Source code for astropy.stats.sigma_clipping

# Licensed under a 3-clause BSD style license - see LICENSE.rst

import warnings

import numpy as np

from astropy.utils import isiterable
from astropy.utils.exceptions import AstropyUserWarning


try:
    import bottleneck  # pylint: disable=W0611
    HAS_BOTTLENECK = True
    from astropy.units import Quantity
except ImportError:
    HAS_BOTTLENECK = False


__all__ = ['SigmaClip', 'sigma_clip', 'sigma_clipped_stats']


def _move_tuple_axes_first(array, axis):
    """
    Bottleneck can only take integer axis, not tuple, so this function
    takes all the axes to be operated on and combines them into the
    first dimension of the array so that we can then use axis=0
    """

    # Figure out how many axes we are operating over
    naxis = len(axis)

    # Add remaining axes to the axis tuple
    axis += tuple(i for i in range(array.ndim) if i not in axis)

    # The new position of each axis is just in order
    destination = tuple(range(array.ndim))

    # Reorder the array so that the axes being operated on are at the beginning
    array_new = np.moveaxis(array, axis, destination)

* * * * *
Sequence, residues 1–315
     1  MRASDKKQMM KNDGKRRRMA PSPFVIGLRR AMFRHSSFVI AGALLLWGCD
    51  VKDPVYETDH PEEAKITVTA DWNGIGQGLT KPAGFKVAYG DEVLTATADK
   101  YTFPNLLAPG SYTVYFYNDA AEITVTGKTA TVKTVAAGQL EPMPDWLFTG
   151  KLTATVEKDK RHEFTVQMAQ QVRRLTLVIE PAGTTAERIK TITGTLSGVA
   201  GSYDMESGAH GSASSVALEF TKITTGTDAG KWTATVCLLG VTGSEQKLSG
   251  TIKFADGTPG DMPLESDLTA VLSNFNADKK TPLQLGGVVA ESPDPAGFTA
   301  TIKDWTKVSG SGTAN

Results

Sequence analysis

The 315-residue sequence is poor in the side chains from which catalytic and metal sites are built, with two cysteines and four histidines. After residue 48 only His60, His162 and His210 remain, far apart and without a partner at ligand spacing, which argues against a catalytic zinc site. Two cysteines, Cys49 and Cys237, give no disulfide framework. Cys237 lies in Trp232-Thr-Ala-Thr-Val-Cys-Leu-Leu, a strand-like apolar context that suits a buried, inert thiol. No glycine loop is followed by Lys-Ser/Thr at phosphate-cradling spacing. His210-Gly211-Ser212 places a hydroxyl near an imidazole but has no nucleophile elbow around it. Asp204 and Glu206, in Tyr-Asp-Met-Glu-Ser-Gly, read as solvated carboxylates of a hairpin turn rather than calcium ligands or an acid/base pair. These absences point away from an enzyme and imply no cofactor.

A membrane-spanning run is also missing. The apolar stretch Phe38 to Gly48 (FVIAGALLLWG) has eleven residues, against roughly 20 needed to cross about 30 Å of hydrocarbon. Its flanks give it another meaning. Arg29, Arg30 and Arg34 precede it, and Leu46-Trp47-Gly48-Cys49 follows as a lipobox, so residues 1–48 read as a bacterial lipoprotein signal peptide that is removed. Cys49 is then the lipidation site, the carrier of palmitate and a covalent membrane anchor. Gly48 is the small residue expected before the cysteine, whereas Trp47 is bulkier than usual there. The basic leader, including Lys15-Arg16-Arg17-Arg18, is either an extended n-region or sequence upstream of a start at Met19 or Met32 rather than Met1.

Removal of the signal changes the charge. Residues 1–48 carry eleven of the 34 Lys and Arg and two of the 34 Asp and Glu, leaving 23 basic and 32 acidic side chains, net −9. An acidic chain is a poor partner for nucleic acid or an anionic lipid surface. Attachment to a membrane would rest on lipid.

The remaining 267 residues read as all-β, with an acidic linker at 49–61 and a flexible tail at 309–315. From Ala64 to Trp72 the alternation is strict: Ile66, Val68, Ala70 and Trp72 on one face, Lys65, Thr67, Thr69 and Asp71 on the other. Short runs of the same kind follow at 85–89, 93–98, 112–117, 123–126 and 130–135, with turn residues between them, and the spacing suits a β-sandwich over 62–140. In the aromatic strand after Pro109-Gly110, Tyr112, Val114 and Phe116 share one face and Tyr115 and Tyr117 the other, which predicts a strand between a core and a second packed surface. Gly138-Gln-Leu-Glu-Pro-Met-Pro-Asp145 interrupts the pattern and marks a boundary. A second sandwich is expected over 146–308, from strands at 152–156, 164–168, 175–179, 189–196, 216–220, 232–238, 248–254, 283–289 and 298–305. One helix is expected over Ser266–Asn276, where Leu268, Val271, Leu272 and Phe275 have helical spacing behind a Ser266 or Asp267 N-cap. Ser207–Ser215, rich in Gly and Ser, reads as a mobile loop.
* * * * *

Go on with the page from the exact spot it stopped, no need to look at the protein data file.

# Collapse the dimensions being operated on into a single dimension so that
    # we can then use axis=0 with the bottleneck functions
    array_new = array_new.reshape((-1,) + array_new.shape[naxis:])

    return array_new


def _nanmean(array, axis=None):
    """Bottleneck nanmean function that handle tuple axis."""

    if isinstance(axis, tuple):
        array = _move_tuple_axes_first(array, axis=axis)
        axis = 0

    if isinstance(array, Quantity):
        return array.__array_wrap__(bottleneck.nanmean(array, axis=axis))
    else:
        return bottleneck.nanmean(array, axis=axis)


def _nanmedian(array, axis=None):
    """Bottleneck nanmedian function that handle tuple axis."""

    if isinstance(axis, tuple):
        array = _move_tuple_axes_first(array, axis=axis)
        axis = 0

    if isinstance(array, Quantity):
        return array.__array_wrap__(bottleneck.nanmedian(array, axis=axis))
    else:
        return bottleneck.nanmedian(array, axis=axis)


def _nanstd(array, axis=None, ddof=0):
    """Bottleneck nanstd function that handle tuple axis."""

    if isinstance(axis, tuple):
        array = _move_tuple_axes_first(array, axis=axis)
        axis = 0

    if isinstance(array, Quantity):
        return array.__array_wrap__(bottleneck.nanstd(array, axis=axis,
                                                      ddof=ddof))
    else:
        return bottleneck.nanstd(array, axis=axis, ddof=ddof)